‘Normal’ people don’t love advertising

When it comes to media and advertising consumption, the denizens of ad land aren’t normal. While the rest of the world does everything it can to avoid pre-rolls and 60-second TV spots—however creative they might be—those employed by the advertising and marketing machine tend to be far more enamoured with promotional messaging.

But this is by no means surprising. Those who decide to commit eight hours—often more—of their day to the discipline will inevitably have a greater interest in all things ad-related.

The problem, however, is that media and advertising decisions are often made from the perspective of ad people, who differ substantially from the average citizens. As a corollary, this could potentially result in media placements that fail to connect with the majority of the target market.    

So, in an effort to remind ad people that their undying love for all forms of advertising might not be shared by everyone, Adshel has launched a campaign that encourages ad people to take a quiz to determine how in love they are with advertising.

The result is expressed as a percentage, which is then compared to the average statistics among those who don’t work in the advertising industry. 

Nick Vile, the general manager of Adshel New Zealand, says that the the purpose of the campaign is to show that Kiwis’ media consumption habits have not changed quite as much as we imagine over the last ten years.         

“Our survey, ‘How in Love with Advertising are you?’, aims to discover if those in ad land are really influenced by their own consumption habits, rather than how regular New Zealanders consume media in 2014,” he said in a release.

While the campaign has an interesting premise, it is still a form of Adshel advertising that aims to draw marketers to the outdoor channel. And nowhere is this clearer than when the survey ends with a series of cartoons that hint at the superiority of the outdoor channel.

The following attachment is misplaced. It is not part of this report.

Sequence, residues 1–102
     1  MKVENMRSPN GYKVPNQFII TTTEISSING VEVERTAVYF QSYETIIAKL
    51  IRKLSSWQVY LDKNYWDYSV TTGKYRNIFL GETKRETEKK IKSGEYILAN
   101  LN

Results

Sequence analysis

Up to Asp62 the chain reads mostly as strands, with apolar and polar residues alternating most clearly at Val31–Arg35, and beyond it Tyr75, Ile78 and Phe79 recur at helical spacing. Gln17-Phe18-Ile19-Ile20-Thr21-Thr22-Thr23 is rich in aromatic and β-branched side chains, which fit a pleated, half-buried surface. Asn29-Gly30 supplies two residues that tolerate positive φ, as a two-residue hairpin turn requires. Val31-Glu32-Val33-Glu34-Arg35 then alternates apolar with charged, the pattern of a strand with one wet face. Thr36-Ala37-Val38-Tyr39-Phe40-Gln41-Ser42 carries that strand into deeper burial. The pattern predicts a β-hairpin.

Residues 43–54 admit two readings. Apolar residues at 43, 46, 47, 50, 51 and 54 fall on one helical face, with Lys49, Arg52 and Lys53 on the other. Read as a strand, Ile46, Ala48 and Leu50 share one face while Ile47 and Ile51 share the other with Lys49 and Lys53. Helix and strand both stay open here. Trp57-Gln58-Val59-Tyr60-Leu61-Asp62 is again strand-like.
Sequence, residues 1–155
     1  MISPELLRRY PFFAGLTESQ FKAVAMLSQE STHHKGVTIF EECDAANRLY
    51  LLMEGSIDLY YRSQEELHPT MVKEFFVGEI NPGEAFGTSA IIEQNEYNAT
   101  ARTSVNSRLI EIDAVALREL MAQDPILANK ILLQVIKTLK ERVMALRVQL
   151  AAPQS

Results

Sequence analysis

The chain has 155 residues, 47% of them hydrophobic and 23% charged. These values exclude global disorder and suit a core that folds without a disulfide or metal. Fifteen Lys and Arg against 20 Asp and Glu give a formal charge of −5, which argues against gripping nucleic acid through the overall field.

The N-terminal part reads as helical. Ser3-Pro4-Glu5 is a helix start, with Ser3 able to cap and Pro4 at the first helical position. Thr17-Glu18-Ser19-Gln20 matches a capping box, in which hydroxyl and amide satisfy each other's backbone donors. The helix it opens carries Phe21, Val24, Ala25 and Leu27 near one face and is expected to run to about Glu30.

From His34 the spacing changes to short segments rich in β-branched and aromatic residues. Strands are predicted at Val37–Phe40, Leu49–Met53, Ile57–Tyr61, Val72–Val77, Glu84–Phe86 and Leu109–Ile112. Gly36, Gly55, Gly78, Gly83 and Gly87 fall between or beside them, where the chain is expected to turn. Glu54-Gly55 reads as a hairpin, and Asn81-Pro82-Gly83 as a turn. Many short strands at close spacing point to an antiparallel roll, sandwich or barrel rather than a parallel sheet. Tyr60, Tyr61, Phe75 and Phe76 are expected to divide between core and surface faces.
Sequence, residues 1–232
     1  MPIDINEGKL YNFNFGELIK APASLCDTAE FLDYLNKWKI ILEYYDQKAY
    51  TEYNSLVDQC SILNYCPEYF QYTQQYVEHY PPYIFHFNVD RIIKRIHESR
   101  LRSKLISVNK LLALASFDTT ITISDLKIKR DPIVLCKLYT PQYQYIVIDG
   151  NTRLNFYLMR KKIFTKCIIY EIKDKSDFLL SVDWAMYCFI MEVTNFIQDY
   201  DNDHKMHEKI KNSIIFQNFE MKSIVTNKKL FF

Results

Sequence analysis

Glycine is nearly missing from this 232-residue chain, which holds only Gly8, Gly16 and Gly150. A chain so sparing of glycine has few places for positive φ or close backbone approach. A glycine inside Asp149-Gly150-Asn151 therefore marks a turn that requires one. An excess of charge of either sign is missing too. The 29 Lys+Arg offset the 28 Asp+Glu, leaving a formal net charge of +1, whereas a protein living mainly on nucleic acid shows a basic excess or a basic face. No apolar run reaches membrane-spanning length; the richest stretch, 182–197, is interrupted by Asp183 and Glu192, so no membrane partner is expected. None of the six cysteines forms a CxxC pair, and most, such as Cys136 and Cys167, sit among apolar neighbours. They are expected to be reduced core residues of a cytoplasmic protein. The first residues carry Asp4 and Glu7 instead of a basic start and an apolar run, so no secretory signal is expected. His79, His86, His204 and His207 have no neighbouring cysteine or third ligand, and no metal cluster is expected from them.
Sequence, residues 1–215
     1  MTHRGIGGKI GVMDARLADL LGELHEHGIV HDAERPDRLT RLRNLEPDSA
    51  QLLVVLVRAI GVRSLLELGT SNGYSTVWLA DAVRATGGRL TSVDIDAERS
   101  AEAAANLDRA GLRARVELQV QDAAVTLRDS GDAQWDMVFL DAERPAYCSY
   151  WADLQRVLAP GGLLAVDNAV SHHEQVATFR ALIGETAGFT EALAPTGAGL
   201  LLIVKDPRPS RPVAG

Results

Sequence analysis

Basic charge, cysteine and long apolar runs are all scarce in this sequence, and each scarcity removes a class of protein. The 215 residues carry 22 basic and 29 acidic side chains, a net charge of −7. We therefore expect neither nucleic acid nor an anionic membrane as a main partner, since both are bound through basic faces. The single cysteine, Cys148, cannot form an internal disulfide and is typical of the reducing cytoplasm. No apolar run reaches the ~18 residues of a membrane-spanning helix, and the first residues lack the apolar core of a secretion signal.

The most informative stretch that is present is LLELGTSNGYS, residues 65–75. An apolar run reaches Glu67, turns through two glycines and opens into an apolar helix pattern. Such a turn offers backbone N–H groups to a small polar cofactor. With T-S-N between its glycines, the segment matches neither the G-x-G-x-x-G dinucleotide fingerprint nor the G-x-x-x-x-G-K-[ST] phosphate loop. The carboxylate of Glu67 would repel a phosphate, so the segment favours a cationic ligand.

The campaign was initially launched in Australia, and its success there led to Adshel also releasing it on this side of the ditch. This is actually the second Adshel campaign of this sort and follows on from last year’s ‘How agency are you?’ quiz, which aimed to highlight how insular the ad industry tends to be.

According to an article on Australian publication B&T, the initial survey included a range of insights like the fact that 78 percent of Sydney’s population live outside the areas where 97% of Sydney agencies are, 80 percent of ad people had never been to or heard of Parramatta and nearly 60 percent visited the same restaurant in North Bondi.      

And the antipodean region isn’t alone in identifying trends that suggest some key differences between ad employees and normal citizens. In July last year, UK TV industry body Thinkbox released the results of a study that showed how different media consumption was between those in the ad industry and those who aren’t.

Each of the social media channels included in the survey showed much higher consumption among ad people than those who lived outside the ad realm.

When these findings were released, Wieden + Kennedy Amsterdam’s head of planning Martin Wiegel published an article on his personal blog saying: “It’s human nature to extrapolate from our own, personal experience of the world. And sometimes it is a useful place to start. But … we would do well to remember that in some of our media and technology habits, we are very different from people in the normal world. So next time you hear somebody claim that ‘everybody’ is doing this, or ‘everybody’ is doing that, take it with a grain of salt. The chances are that they’re talking about themselves.”

This being said, confirmation bias also plays a part when it comes to statistical findings. Those who commission and read the statistics are often more likely to notice trends that can be favourably reconciled with their worldview. It is thus worth noting that in the instances mentioned in this article, the companies that published the statistical information were also favoured by it.       

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